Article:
New insights from NMR, FTIR, X-ray diffraction and physical chemistry into digestive processes in the wood-boring marine crustacean Limnoria quadripunctata
G P Malyon, S LaBarre, N Kervarec, P Carey, J McGeehan, X Xie, A Klüppel, S M Cragg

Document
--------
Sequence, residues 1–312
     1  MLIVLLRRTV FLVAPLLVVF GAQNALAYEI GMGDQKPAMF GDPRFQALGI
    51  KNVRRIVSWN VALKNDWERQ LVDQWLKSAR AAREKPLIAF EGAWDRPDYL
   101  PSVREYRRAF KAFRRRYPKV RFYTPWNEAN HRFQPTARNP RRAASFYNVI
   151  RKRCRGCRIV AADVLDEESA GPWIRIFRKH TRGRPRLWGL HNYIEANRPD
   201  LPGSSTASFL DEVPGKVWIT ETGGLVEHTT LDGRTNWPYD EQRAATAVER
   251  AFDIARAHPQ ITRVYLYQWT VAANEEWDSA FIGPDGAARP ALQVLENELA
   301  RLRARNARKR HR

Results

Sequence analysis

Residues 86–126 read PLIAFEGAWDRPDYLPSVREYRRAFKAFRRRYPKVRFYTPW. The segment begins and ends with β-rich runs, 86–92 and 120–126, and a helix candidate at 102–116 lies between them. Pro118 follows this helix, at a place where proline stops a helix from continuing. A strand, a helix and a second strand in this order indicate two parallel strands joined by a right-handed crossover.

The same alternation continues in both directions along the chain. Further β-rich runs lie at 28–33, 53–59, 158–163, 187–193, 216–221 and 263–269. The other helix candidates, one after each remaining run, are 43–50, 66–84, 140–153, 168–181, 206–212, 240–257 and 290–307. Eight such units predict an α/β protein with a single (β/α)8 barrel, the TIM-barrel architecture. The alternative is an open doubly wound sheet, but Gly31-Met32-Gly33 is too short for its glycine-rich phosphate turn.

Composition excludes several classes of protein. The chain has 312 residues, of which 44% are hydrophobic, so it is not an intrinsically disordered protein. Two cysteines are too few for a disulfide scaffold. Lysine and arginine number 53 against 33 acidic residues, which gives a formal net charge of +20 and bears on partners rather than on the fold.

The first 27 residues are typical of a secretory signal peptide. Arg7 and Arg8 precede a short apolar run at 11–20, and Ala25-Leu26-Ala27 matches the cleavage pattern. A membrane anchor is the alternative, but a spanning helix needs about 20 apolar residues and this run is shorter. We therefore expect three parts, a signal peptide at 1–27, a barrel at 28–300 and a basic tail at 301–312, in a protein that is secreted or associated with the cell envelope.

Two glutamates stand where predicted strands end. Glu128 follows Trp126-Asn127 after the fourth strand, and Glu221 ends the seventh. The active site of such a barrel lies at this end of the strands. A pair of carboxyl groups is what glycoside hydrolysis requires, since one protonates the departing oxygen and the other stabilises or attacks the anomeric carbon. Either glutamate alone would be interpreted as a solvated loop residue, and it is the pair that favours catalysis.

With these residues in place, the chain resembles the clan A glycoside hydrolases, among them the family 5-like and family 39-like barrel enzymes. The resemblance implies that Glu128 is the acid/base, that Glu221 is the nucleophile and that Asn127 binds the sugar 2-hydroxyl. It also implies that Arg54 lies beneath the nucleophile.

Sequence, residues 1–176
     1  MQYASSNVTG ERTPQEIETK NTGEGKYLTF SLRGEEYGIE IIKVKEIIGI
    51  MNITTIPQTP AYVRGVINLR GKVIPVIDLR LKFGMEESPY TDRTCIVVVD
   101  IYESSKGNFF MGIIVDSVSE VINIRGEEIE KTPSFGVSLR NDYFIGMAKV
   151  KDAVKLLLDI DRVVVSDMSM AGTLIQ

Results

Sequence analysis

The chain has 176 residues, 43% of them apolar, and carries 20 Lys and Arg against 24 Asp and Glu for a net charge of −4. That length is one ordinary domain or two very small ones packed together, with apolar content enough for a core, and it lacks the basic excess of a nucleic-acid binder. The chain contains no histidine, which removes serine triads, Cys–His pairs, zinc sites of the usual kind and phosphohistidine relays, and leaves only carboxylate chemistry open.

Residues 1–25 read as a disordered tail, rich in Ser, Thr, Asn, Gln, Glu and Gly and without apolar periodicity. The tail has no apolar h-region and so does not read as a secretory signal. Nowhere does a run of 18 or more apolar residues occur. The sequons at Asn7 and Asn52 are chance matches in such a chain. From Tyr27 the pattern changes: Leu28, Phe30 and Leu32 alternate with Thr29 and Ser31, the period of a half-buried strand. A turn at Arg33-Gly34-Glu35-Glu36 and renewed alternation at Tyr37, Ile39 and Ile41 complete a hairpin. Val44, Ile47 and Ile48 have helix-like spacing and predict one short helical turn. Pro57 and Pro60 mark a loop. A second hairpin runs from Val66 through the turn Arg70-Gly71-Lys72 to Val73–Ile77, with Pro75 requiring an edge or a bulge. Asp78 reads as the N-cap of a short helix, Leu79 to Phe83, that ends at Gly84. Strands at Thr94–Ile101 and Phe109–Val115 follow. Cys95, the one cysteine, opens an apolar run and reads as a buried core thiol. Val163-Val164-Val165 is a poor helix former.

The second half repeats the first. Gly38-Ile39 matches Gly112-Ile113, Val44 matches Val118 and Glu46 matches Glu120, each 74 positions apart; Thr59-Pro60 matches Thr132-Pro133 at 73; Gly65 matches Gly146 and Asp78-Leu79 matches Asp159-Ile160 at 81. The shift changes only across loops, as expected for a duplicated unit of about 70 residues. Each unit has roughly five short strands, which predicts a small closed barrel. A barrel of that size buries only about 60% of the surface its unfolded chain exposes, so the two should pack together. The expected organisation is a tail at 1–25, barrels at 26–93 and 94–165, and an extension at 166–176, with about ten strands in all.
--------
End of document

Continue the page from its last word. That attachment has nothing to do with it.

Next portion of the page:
This paper summarises preliminary findings of a multi-technique exploration of the degradation of lignocellulose in the marine isopod Limnoria quadripunctata. Scanning electron microscopy revealed connections between the digestive gland and the hindgut that would permit the exchange of fluids between the two organs while the food mass is retained in place within the hindgut. This enables enzymes to be delivered to the substrate and breakdown products to be absorbed. FTIR and X-ray diffraction were used to show changes in wood chemistry during digestion. Cellulose crystallinity appears reduced after digestion, but lignin structure appeared little changed. NMR spectroscopy of animals under various feeding regimes measured the generation of breakdown products and levels of metabolites. Glucose was detected as a direct result of the animals feeding on 13C-labelled straw. This is the first direct evidence of total cellulose breakdown to the monomer. The importance of oxygen levels during digestion was shown by direct measurement with microelectrodes and indirectly by observing feeding on substrates impregnated with anti-oxidants. The hindgut lumen was found to be relatively anoxic. The antioxidant BHT significantly reduces feeding rates under laboratory conditions. These findings taken together give a picture of the effects of the activity of the recently described suite of digestive enzymes on their substrate.